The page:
Take the 2-minute tour ×
Stack Overflow is a question and answer site for professional and enthusiast programmers. It's 100% free, no registration required.

I want to use grep with two variables in a shell script

var = match

cat list.txt | while read word_from_list; do
    grep "$word_from_list" "$var" >> words_found.txt
done

But grep expects to get a file as second input:

grep: match: No such file or directory

How can this be solved?

share|improve this question
1  
What is "var" supposed to represent, a file name? –  Paul Tomblin Nov 1 '09 at 16:25
    
var is supposed to represent a string that is found by using grep earlier in the script. –  rt_732 Nov 1 '09 at 16:32
    
You need to say more about what you're trying to do. var is partof your search, as are the words in list.txt, but what is the relationship between them in the search, and what file are you searching in? –  PanCrit Nov 1 '09 at 17:44

6 Answers 6

A quick scan of the grep man page suggests that you can use -e for multiple patterns, eg.

grep -e "$word_from_list" -e "$var"

If you find yourself with a large number of patterns, you might want to use the -f option to read these from a file instead.

share|improve this answer

Two things.

  1. You need to specify the input file. Use - for standard input or supply the filename, either way it is the second parameter.
  2. After that there are a couple ways to get a boolean and via grepping. Easiest way is to change:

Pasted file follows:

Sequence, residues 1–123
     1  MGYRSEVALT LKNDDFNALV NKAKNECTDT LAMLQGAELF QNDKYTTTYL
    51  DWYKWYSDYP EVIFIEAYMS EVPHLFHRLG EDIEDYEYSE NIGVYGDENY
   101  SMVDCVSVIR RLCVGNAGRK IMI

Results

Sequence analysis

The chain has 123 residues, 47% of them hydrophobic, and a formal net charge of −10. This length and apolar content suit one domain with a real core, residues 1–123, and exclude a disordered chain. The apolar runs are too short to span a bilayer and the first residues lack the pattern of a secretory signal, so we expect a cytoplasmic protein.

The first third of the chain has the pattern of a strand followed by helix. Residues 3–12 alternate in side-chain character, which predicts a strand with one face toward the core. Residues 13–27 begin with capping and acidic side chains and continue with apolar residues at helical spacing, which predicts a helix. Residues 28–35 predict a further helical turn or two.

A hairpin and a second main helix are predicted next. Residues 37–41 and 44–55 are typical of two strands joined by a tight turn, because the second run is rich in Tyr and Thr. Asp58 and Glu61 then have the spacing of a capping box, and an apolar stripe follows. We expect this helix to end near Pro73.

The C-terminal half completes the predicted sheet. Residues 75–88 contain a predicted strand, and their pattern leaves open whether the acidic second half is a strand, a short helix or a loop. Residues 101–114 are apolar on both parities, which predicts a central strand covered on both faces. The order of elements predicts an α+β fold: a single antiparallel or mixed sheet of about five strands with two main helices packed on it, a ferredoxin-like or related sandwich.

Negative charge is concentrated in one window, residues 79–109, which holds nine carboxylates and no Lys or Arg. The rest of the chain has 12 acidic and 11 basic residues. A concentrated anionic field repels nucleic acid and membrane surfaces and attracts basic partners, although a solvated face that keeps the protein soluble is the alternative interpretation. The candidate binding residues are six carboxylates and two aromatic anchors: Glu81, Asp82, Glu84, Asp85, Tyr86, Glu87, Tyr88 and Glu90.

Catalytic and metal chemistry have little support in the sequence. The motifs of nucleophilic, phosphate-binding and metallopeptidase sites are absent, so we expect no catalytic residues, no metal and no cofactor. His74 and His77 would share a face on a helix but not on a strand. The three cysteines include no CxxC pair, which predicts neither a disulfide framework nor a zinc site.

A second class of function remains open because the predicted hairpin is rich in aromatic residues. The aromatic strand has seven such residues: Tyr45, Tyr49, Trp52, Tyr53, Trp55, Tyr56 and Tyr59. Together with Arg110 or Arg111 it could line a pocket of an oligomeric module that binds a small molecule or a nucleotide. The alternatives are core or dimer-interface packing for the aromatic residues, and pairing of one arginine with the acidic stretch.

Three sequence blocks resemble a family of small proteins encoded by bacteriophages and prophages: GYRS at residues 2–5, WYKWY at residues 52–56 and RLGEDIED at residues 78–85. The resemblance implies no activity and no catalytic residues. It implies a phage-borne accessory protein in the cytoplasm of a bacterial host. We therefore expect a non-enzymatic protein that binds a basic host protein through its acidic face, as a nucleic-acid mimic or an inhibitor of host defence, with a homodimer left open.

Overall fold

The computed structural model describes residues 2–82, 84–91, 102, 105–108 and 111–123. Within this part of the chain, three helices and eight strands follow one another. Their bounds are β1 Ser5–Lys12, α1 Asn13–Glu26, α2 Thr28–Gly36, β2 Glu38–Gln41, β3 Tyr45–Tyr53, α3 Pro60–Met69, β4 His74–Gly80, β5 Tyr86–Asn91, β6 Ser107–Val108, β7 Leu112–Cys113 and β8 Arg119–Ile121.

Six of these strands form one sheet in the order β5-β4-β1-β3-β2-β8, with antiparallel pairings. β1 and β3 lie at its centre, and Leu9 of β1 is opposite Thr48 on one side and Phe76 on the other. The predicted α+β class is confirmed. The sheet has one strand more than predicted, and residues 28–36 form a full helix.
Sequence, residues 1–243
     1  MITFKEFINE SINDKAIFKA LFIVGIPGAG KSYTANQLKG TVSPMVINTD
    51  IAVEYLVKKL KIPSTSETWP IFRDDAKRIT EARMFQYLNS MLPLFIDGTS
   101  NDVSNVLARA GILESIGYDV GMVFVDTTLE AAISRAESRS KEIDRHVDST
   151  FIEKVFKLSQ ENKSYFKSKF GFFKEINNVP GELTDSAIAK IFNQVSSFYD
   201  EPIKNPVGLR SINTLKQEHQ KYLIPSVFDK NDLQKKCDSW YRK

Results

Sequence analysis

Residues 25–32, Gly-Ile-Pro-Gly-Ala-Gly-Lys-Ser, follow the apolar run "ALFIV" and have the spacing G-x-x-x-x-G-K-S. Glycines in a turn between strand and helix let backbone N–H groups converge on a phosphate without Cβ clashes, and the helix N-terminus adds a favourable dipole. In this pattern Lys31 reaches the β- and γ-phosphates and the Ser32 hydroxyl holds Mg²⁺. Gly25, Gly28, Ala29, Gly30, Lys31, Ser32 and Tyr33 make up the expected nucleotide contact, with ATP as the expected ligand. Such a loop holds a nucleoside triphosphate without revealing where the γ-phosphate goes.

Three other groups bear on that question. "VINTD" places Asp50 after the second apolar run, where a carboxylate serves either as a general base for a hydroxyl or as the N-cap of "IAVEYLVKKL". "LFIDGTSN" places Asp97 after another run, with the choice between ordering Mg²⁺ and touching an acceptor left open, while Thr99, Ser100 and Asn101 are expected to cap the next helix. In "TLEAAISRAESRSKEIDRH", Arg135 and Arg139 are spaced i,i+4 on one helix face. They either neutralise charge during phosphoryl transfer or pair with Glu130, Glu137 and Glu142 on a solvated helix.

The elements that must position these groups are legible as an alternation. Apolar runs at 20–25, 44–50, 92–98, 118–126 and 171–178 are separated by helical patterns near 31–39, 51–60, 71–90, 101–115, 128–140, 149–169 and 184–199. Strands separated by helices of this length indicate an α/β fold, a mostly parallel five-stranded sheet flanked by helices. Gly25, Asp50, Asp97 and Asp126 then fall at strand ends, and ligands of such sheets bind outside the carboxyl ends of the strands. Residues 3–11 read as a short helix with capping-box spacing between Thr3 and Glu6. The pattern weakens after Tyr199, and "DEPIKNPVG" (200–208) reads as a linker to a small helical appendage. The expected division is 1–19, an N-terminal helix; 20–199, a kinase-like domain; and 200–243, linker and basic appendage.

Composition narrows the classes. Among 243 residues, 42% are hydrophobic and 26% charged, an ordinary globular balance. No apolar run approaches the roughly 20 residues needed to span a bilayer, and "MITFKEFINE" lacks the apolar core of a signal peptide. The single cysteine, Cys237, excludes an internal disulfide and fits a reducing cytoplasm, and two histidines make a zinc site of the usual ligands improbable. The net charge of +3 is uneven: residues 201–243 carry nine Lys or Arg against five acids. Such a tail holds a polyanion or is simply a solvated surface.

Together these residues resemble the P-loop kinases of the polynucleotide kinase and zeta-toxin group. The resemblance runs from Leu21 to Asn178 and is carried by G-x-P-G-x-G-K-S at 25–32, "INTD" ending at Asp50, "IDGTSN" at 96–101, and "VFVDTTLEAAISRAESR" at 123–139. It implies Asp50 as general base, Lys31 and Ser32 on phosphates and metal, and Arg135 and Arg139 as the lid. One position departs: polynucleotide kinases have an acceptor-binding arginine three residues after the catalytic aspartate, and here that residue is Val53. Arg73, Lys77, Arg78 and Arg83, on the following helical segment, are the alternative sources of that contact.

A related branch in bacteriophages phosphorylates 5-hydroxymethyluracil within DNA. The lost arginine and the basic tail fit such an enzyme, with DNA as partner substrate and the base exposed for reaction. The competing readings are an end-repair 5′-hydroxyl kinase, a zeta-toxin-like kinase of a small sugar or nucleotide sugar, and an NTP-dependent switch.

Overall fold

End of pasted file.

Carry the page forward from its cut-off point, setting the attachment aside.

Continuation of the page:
grep "$word_from_list" "$var" >> words_found.txt

to:

grep "$word_from_list" - | grep "$var" >> words_found.txt

Alternatively, you can use egrep which takes in regular expressions. To get an boolean and condition you have to specify both ordering cases. The .* allows gaps between the words.

egrep "($word_from_list.*$var)|($var.*$word_from_list)" >> words_found.txt
share|improve this answer

You can use egrep (extended grep), if you want to search lines containing both words on a line you could use:

egrep "($word_from_list|$var)"

If you mean lines containing $var after $word_from_list the following might be clearer:

cat list.txt | while read word_from_list; do
    egrep "$word_from_list.*$var" >> words_found.txt
done

Come to think about it, on what text do you actually want to grep? The stdin is used for the wordlist, did you miss the filename argument to grep in your example?

share|improve this answer

If you have a string variable you want to search within for another string using grep, echo the string to stdout first, then use grep as you would from the command line with pipes.

var = match

cat list.txt | while read word_from_list
do
    echo "$word_from_list" | grep "$var" >> words_found.txt
done

or to take an action on a match

if [ -n "$(echo "$word_from_list" | grep "$var")" ]
then
    echo "$var" >> vars_found.txt
fi

Don't forget to carefully quote the variable you send to stdout. Forgetting the quotes will eliminate any line breaks in the string (false positives). Using single quotes will prevent the variable from being replaced with its value.

share|improve this answer

Here we assume number.txt as actual file and checknum.txt contain what to be search for,

we can search with the help of "for"

 # cat numbers.txt
 one ghi kjdf
 two dlfd ldlf
 three bnbbnb dddd
 four dddd
 asdf five
 # cat checknum.txt
 two
 five
 # for i in `cat checknum.txt` ; do grep $i numbers.txt ; done
 two dlfd ldlf
 asdf five

Thanks.

share|improve this answer

Try this. It probably works.

var='Match'
cat list.txt | while read word_from_list
do
    echo $word_from_list | grep -Eq $var && echo $word_from_list >> words_found.txt
done
share|improve this answer

Your Answer

 
discard

By posting your answer, you agree to the privacy policy and terms of service.

Not the answer you're looking for? Browse other questions tagged or ask your own question.